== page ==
Several years ago I — a pedagogue by profession and sociologist by interest — came across Jung's book Psychological Types. Was this an accident? Yes and no. Just as it was no accident that I studied economics in order to understand the foundations of human relations. Thanks to economics I realized that — in addition to economic factors — there are other no less rigorous patterns [laws] in interpersonal communication. These are what I was trying to figure out. The main thing that I couldn't understand was why and how irritation and animosity appear despite everyone's desire to be kind, sensitive [caring], well-natured. Everyone wants the same thing, and yet it's always other people that get in the way. But why? What mechanism gets in the way of mutual understanding and goodwill?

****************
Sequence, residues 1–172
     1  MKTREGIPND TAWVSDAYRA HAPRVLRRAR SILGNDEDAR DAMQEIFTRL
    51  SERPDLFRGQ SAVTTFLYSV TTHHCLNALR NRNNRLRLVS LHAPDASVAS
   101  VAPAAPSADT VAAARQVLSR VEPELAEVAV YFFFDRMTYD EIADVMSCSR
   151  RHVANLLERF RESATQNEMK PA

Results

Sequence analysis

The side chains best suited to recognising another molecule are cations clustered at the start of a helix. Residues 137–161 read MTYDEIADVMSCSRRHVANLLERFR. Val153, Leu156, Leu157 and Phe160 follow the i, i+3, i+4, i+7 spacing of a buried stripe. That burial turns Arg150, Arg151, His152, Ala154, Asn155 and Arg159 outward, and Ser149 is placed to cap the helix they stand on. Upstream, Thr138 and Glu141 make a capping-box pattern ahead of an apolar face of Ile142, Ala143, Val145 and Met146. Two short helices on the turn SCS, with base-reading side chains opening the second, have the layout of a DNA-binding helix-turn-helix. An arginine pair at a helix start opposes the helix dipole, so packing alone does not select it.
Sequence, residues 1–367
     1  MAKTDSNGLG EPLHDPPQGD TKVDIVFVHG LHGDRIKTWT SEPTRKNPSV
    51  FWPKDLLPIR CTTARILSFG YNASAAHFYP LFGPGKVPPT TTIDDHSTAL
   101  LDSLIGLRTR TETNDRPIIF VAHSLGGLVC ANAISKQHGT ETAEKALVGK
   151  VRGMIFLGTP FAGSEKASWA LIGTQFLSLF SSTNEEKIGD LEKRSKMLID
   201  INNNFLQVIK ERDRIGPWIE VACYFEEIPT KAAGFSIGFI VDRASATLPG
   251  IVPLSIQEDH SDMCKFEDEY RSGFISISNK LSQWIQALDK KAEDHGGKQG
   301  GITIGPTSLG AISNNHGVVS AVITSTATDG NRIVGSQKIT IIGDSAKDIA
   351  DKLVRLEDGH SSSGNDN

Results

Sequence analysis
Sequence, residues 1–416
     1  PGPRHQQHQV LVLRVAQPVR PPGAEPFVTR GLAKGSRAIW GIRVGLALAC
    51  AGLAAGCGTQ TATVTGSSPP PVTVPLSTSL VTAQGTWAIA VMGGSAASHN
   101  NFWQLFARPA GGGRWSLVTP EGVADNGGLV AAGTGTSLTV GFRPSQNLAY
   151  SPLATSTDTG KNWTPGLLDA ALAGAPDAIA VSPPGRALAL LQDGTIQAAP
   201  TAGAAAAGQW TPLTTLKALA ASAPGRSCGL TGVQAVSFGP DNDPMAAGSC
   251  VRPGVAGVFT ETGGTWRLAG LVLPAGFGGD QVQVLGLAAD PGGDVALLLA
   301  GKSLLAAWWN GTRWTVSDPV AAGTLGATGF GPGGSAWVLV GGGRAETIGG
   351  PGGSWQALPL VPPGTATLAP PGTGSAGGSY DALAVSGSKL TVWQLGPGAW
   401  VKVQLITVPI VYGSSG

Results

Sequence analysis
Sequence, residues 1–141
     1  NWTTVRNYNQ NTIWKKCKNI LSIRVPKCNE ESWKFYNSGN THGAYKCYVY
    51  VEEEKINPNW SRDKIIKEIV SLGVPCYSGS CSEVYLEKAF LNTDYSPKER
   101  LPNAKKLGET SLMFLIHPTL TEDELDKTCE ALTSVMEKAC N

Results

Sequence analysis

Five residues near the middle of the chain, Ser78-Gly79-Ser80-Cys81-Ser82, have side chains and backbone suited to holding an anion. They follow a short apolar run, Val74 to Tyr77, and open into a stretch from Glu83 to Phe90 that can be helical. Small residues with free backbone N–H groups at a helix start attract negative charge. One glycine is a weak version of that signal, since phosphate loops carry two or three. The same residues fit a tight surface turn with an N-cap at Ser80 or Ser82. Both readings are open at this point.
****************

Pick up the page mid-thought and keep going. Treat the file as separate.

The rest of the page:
To summarize Augusta's question, I would say, why do people not always have the relationships with others that they would like? This question has a childlike simplicity and naiveté; that makes it an ideal candidate for deserving a fundamental theory of human interaction. So far no such theory exists, as a matter of fact. Certain aspects of societal and economic interaction are described in sociology and economics respectively. Social psychology describes many mechanisms of group influence. The field of intimate (marital) relationships has no explanations that I am aware of, besides socionics. The concept of psychological compatibility is currently seen by many as too intangible to study. And yet it is definitely a sufficiently universal and material ("experiencable") phenomenon to merit a scientific explanation.